Herbert likened the potential damage fracking could cause to the countryside with the impact of new housing developments. Speaking to the Telegraph he said: “There is a lot of concern about the impact of new housing in west Sussex. This [fracking] is seen as a second threat to the countryside.
“People don’t know – people are worried about the implications and they don’t have enough information to judge how damaging it will be.”
‘Fear of the unknown’
The former minister called on the government to share more information on the process with local communities which may be affected by fracking.
He said: “It is the fear of the unknown that is exacerbating local concerns. People understand the national arguments about the need for secure and cheap energy but they just don’t know how much this is going to damage the local environment.
“What you are talking about here is very beautiful and tranquil countryside that people are keen to preserve. At the moment it is the unknown – we just don’t know what the potential impact and scale of this is. There does need to be more information.”
Protests in West Sussex
Fracking is a controversial technique which consists in fracturing underground rocks using water and chemicals to free reserves of oil and gas. The method is currently being employed in the USA where it has resulted in a significant decrease in energy prices.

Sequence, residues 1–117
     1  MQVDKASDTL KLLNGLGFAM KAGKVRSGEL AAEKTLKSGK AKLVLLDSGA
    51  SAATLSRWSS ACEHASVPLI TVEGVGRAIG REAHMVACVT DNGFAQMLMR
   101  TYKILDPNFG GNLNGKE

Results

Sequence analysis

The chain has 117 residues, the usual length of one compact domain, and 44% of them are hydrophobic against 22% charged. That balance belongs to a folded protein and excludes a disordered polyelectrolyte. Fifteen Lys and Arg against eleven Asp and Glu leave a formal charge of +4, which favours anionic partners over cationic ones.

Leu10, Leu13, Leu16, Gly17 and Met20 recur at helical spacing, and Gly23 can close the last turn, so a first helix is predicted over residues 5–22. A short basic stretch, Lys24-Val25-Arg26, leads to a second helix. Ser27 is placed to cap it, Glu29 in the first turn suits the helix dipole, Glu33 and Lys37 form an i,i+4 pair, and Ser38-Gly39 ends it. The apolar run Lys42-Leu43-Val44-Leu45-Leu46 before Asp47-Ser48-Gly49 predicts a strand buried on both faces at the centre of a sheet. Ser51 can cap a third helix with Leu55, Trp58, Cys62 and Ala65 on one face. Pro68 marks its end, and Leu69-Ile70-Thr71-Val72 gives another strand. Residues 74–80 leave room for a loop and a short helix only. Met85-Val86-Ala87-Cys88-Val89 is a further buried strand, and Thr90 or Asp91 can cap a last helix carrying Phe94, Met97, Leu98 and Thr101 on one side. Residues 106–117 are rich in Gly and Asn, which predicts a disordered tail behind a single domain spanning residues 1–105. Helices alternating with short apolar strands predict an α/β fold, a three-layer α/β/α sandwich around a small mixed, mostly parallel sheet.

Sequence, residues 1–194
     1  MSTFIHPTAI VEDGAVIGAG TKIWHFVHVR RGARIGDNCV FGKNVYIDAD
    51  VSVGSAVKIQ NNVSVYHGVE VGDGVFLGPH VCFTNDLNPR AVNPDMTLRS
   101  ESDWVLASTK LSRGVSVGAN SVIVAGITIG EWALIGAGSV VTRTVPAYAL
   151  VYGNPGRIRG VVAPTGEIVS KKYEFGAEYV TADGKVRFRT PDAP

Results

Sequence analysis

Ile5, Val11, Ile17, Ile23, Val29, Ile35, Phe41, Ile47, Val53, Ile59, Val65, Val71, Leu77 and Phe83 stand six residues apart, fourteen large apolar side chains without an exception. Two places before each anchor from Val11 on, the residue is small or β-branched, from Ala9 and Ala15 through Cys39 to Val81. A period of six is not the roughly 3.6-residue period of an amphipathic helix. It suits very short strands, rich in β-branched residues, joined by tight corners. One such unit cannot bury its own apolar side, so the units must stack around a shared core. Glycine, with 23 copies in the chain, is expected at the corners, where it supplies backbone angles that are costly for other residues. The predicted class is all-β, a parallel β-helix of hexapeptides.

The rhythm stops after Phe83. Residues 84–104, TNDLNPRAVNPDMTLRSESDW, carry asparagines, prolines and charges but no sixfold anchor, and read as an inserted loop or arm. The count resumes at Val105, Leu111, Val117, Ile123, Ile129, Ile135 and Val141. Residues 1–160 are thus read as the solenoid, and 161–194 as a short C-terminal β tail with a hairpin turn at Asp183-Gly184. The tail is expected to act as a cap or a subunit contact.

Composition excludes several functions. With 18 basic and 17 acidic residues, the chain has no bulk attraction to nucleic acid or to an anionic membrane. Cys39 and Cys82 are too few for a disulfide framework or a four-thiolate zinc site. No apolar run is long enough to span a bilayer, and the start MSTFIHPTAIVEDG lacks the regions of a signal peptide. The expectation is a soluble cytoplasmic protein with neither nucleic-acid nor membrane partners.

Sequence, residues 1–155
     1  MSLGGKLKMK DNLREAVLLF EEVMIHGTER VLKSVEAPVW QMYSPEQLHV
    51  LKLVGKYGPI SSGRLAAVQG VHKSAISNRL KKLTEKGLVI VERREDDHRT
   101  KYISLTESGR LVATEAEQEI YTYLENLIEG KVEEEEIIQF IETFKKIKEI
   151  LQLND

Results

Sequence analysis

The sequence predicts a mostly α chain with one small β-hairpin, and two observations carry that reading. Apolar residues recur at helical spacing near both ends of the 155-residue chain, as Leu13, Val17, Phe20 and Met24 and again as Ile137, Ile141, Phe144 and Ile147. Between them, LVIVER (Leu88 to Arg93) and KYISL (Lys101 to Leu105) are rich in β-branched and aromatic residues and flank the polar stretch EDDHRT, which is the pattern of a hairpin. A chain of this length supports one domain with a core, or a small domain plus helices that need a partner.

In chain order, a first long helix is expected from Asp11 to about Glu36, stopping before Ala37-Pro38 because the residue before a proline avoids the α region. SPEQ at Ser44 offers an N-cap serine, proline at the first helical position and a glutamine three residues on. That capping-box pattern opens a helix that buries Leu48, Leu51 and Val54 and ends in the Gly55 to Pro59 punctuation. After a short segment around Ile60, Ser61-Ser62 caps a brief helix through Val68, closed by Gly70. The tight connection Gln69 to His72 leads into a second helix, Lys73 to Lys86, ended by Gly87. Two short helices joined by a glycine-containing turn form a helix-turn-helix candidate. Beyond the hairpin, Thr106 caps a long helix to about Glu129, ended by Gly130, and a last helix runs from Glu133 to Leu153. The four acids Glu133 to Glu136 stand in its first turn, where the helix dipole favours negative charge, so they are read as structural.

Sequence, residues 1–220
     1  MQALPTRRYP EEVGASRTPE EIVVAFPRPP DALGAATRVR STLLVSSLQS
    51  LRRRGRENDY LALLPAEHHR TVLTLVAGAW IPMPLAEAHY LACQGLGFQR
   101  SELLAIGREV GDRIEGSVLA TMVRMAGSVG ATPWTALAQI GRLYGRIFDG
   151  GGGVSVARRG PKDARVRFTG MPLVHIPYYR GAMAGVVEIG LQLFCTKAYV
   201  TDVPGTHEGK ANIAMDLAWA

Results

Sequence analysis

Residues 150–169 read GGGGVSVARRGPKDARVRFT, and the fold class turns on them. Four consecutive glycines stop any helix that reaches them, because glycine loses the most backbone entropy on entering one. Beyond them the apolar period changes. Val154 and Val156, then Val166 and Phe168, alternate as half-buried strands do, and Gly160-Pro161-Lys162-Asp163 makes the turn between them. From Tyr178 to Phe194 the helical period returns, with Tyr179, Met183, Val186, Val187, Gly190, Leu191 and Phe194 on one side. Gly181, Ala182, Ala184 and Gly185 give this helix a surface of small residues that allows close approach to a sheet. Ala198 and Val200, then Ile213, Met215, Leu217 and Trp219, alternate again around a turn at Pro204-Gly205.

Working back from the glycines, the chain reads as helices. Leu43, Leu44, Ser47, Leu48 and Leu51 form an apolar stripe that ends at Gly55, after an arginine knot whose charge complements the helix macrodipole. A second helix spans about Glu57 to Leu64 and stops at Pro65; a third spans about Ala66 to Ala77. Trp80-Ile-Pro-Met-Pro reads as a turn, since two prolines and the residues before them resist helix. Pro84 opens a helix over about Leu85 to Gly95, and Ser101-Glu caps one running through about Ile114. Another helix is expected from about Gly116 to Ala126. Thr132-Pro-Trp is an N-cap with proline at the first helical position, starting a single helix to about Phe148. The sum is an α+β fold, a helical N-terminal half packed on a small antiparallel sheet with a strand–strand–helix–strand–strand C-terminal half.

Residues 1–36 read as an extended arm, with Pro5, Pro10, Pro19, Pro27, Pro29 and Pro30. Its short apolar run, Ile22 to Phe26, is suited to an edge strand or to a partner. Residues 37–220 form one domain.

Last Friday, Cuadrilla, an energy company, began exploratory drilling in West Sussex. Although the company is not carrying out fracking at present, a number of protestors gathered amidst fears the process could take place in the future. Campaigners were able to delay the drilling by temporarily blocking access to the site.
Attention is now expected to be focussed in Fernhurst in the South Downs National Park, where energy company Celtique Energie is hoping to carry out exploratory drilling next year.
A spokesperson for the Department for Energy and Climate Change said: “Fracking will only be allowed in the Weald if it is safe and poses no risk to the environment.”